According to industry experts, over 92% of all clinicians select through-the-lens (TTL) magnification systems. The oculars mount directly into the carrier lens in a pair of glasses. TTLs are custom-made to match each clinician’s visual needs and measurements.

A few clinicians select flip-up or headband-mounted loupes. The oculars attach via a small hinge, making it easy to move the loupes out of the way when talking to a patient or making chart notes.

A hybrid design featuring a TTL magnification system built into a flip-up carrier lens gives users the best of both technologies.18

With the increasing use of laser technology, loupes are now available where both the telescope and the carrier lenses have a built in protective filter compatible with soft tissue laser wavelengths used in dentistry today.18

Personal vision prescriptions can be incorporated into a magnification system in a variety of ways. It is wise to have a current eye prescription before placing an order. Flip-up systems incorporate personal vision prescriptions into the traditional glasses frame. A local optical shop can make changes at any time.

TTL systems are custom fabrications. Personal prescriptions are available from some companies; others do not offer this service. Prescription needs are built into the ocular at the factory. Some companies do not have an additional fee for this service. Ask if changes can be made at a later date as visual needs change. This type of flexibility can extend the life of your loupes through years of practice. The hybrid TTL/FU model is designed to accommodate a custom vision insert, which can be ordered at any time, eliminating the need to send the loupes back to the factory for an update.

Magnification nuts and bolts

Optical resolution is one of the most critical factors when considering loupes. The image viewed through the oculars should be crisp and uniformly clear from edge to edge. High quality loupes are made with glass optics, resulting in outstanding images.13 The better the quality of the glass, the higher the resolution, which is the ability to see small structures — such as the markings on a periodontal probe — clearly and distinctly. High quality optics result in an improved image and lessens the potential for eye fatigue. Plastic optics, which are often found in less expensive loupes, do not offer the highest level of visual acuity.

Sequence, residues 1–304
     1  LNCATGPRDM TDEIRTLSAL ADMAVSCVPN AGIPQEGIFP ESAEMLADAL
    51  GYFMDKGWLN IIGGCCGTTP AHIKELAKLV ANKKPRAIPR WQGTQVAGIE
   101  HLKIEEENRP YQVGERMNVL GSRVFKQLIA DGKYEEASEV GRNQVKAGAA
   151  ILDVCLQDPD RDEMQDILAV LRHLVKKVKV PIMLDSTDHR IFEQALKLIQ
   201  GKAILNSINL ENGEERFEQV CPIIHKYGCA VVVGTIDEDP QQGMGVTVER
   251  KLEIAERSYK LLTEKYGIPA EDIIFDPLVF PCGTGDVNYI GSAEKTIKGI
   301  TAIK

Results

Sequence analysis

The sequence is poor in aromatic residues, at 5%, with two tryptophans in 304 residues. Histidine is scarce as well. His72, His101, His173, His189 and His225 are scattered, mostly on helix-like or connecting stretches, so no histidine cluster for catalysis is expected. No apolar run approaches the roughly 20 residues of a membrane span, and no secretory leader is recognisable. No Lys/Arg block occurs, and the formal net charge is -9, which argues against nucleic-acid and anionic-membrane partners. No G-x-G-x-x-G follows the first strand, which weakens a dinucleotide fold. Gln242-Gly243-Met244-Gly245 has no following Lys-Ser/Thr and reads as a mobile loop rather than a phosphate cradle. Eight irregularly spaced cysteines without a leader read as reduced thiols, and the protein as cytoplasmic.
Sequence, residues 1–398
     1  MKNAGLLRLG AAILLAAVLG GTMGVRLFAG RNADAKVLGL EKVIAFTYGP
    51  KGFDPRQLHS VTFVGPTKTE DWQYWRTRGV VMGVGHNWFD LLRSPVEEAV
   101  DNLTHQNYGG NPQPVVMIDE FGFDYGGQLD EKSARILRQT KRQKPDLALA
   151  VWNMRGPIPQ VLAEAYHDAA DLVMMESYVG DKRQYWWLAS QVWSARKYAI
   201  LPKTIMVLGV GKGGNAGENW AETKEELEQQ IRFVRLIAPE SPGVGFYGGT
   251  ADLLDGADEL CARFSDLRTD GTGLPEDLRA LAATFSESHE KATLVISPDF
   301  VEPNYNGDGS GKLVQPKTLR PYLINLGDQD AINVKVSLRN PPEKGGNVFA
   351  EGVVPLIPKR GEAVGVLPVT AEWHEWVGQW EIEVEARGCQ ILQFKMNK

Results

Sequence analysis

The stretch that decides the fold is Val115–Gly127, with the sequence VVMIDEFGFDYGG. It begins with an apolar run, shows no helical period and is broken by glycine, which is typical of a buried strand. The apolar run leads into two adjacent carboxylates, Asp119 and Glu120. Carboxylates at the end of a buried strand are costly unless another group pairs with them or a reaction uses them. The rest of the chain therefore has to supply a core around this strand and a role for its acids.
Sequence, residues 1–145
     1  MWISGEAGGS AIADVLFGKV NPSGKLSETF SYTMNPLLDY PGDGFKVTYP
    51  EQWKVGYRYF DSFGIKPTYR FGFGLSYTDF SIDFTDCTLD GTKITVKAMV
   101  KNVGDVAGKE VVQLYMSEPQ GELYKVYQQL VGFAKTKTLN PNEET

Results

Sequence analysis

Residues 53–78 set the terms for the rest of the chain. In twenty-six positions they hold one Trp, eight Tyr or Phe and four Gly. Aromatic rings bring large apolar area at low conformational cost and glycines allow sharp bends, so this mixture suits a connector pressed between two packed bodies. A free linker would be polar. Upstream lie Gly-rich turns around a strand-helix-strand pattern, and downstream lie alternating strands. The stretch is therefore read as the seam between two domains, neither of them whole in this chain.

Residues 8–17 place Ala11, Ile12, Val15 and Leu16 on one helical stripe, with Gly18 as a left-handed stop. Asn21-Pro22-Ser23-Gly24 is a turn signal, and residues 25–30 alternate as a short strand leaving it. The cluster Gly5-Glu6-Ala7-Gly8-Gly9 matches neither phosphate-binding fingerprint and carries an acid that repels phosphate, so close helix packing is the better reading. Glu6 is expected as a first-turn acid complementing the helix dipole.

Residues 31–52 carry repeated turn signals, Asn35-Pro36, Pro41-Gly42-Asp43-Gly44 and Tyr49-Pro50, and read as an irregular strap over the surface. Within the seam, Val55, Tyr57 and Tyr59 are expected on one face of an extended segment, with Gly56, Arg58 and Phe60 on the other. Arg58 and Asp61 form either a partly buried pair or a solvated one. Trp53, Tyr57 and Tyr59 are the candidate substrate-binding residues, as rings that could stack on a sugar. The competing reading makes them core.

Lack of magnification creates dangerous, stressful postures, including forward neck position, hunched shoulders and abducted arms. Photo courtesy of Mitzi White, RDH.

The strength or power of magnification is another factor in visual acuity. 13 Diopter numbers, often used to describe strength, can be misleading. Diopter measurements relate to vision corrections found in eyeglasses, not to magnification systems designed to enlarge an image.

There is no industry-wide standard regarding power. One manufacturer’s 2.5x can be different than a competitor’s loupes advertised to be the same strength. A side-by-side comparison is the only way to distinguish differences between various brands of loupes.

Most clinicians initially select medium strength loupes. But over time many make the transition to higher power magnification. Moderate strength magnification provides a view of the entire oral cavity. As strength increases, a smaller area is viewed in greater detail.

Width of field and depth of field are other important considerations when selecting magnification loupes.12,13 Width of field determines how many teeth can be viewed when using magnification. Clinicians can see the entire oral cavity using either medium strength or some high power loupes. As the strength of the magnification increases, the width of field decreases so fewer teeth are seen.

Depth of field refers to the ability to see objects in a three dimensional range instead of a flat plane. Medium strength magnification typically results in a five- to six-inch depth of field, allowing a clear view of the entire oral cavity without repositioning one’s head. TTL oculars sit closer to the eye, resulting in a wider field view, greater depth of field, and a larger volume of light passing through the ocular — a feature particularly beneficial as the eyes age.

Magnification loupes should be designed to fit the user. Precise measurements allow loupes to be custom made for a specific clinician’s needs.12,13 Facial geometry is a critical determinant in selecting the most appropriate magnification system and frame style:

  • A prominent nose profile for those of Western European background differs dramatically from those who have Asian facial geometry.
  • Pupillary distance (PD) determines distance between the oculars. Those with close-set eyes have a narrower PD than those with wide-set eyes.
  • A correct declination angle (DA) allows one to see the oral cavity while maintaining a neutral body posture.
  • Convergence point (CP) is the point where one sees a single image through the loupe’s binocular system.
  • Working distance (WD) is determined by measuring the distance from the front of a clinician’s eye to the facial of the first molar.